Board of Fisheries 2020

KRSA Priorities at the 2020 Board of Fisheries

In February 2020, the Alaska Board of Fisheries met in Anchorage to review regulations and proposals for Upper Cook Inlet – including the Kasilof River, the Kenai River, and Mat-Su valley rivers and streams.

Since 1984, KRSA has been a leading advocate for fisheries conservation in Alaska, working diligently to ensure sport and personal-use fishing rights are protected in Alaska and the fisheries are healthy for generations to come. This work continued at the Board of Fisheries Upper Cook Inlet meeting in February 2020, where KRSA worked towards four goals:

  • More fish in Upper Cook Inlet rivers and streams;
  • Sharing the work of conservation among all users;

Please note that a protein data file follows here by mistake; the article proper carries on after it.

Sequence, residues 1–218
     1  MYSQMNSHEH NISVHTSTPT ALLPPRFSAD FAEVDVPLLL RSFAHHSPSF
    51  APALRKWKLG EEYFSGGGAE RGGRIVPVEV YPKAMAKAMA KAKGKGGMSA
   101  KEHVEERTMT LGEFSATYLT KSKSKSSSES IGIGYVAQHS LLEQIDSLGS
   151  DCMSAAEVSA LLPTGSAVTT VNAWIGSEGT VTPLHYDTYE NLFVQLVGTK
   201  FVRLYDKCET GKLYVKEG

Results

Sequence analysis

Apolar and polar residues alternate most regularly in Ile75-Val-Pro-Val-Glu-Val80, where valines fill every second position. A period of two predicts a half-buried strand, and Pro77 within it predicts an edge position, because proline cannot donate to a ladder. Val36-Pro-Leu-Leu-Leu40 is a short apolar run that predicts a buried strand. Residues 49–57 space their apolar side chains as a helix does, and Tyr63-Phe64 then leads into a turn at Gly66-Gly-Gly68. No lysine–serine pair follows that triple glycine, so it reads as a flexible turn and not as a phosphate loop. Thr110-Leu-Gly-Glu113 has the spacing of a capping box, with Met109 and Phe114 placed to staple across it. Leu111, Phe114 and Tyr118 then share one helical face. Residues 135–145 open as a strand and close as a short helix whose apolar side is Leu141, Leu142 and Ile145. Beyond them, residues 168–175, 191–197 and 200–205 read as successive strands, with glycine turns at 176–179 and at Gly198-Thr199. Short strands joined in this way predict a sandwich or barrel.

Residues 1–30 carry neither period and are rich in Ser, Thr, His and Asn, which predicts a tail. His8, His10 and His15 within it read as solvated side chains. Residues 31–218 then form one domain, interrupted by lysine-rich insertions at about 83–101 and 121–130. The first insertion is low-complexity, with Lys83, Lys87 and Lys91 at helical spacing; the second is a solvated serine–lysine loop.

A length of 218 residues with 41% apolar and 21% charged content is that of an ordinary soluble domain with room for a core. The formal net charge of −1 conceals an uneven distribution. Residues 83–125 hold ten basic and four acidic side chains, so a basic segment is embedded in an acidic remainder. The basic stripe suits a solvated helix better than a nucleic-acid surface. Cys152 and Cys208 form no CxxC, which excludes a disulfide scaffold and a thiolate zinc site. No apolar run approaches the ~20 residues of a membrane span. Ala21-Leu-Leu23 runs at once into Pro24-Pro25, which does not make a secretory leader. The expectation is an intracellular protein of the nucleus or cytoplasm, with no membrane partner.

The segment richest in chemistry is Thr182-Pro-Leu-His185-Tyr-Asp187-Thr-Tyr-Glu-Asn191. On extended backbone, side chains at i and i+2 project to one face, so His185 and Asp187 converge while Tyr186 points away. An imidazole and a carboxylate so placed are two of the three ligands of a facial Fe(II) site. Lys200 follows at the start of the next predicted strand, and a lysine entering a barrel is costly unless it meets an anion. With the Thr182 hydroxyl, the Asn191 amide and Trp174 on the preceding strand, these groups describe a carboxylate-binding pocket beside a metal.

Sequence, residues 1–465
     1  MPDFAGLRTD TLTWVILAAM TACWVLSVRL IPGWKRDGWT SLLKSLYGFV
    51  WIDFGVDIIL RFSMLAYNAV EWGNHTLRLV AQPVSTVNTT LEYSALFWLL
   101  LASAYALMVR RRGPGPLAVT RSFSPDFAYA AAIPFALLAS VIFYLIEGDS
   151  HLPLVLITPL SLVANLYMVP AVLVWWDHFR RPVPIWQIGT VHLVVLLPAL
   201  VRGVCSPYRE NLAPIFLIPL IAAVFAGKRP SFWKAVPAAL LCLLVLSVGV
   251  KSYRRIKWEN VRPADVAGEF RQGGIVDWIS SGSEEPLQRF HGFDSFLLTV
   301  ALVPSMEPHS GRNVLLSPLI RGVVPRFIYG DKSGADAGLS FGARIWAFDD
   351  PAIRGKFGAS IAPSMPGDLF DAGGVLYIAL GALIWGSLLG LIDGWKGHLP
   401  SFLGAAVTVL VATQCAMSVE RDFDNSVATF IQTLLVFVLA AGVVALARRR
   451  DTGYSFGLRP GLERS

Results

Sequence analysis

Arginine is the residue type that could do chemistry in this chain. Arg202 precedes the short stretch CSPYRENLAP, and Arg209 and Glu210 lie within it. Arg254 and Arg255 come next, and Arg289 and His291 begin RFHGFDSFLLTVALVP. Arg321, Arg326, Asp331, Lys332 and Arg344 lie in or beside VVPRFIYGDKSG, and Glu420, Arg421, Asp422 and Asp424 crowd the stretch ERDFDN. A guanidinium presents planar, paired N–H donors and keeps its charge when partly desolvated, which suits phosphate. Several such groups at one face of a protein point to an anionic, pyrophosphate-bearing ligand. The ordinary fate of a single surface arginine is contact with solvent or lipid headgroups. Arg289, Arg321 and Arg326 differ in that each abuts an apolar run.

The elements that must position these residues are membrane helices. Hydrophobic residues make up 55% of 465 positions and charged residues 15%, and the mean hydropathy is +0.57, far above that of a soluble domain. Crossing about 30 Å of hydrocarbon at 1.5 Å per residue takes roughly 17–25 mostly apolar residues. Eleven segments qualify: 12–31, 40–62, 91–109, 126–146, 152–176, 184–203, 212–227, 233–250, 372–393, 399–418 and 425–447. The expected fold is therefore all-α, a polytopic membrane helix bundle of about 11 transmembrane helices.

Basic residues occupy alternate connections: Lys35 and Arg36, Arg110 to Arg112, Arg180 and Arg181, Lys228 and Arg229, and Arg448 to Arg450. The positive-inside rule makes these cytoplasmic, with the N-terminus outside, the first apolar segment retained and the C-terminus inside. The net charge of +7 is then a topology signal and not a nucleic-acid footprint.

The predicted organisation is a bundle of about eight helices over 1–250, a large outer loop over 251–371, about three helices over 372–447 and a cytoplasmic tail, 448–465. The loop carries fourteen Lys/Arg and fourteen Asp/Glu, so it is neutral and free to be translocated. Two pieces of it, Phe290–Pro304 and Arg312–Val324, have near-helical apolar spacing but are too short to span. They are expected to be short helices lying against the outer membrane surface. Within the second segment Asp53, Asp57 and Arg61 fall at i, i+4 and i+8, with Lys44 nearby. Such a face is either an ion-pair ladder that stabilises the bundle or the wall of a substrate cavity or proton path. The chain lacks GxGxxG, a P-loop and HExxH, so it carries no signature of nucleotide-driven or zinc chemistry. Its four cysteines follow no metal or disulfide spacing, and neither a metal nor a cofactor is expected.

• Strengthening the Conservation Corridor; and,
  • Providing greater opportunity for personal use fisheries – particularly in the Mat-Su.

2020 Upper Cook Inlet Board Meeting Outcomes

At the 2020 Upper Cook Inlet meeting, the Board of Fisheries made a number of significant decisions – providing the Alaska Department of Fish and Game with clear guidance to conserve and develop fisheries for the benefit of all Alaskans. Notably:

  • Conservation measures were adopted for the iconic Kenai River late-run king salmon. These measures created new, higher escapement goals for king salmon in the Kenai River, and bolstered the paired restrictions between sport and commercial users, sharing the work of conservation at times of low king abundance.
  • Kenai River sockeye inriver and escapement goals were increased recognizing that higher escapements produce higher returns which benefit all fisheries.
  • The conservation corridor was strengthened to move more sockeye and coho through the center of Cook Inlet, increasing angler use of fishing areas nearer to shore during late July and early August. This benefited fish returning to the rivers and streams of northern Cook Inlet.
  • A new personal use fishery was established on the Susitna River.